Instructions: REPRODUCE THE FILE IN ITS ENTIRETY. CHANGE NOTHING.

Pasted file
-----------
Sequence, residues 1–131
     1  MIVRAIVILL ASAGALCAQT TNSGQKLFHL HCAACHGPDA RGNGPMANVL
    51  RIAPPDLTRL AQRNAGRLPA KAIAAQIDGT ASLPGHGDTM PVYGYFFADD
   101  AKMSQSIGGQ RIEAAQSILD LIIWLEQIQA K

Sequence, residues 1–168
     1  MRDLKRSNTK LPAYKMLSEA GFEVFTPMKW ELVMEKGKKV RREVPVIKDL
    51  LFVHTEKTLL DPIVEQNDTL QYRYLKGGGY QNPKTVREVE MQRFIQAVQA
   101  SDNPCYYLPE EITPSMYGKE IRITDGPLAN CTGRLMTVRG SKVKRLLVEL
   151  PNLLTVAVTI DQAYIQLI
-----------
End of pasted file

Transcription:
Sequence, residues 1–131
     1  MIVRAIVILL ASAGALCAQT TNSGQKLFHL HCAACHGPDA RGNGPMANVL
    51  RIAPPDLTRL AQRNAGRLPA KAIAAQIDGT ASLPGHGDTM PVYGYFFADD
   101  AKMSQSIGGQ RIEAAQSILD LIIWLEQIQA K

Sequence, residues 1–168
     1  MRDLKRSNTK LPAYKMLSEA GFEVFTPMKW ELVMEKGKKV RREVPVIKDL
    51  LFVHTEKTLL DPIVEQNDTL QYRYLKGGGY QNPKTVREVE MQRFIQAVQA
   101  SDNPCYYLPE EITPSMYGKE IRITDGPLAN CTGRLMTVRG SKVKRLLVEL
   151  PNLLTVAVTI DQAYIQLI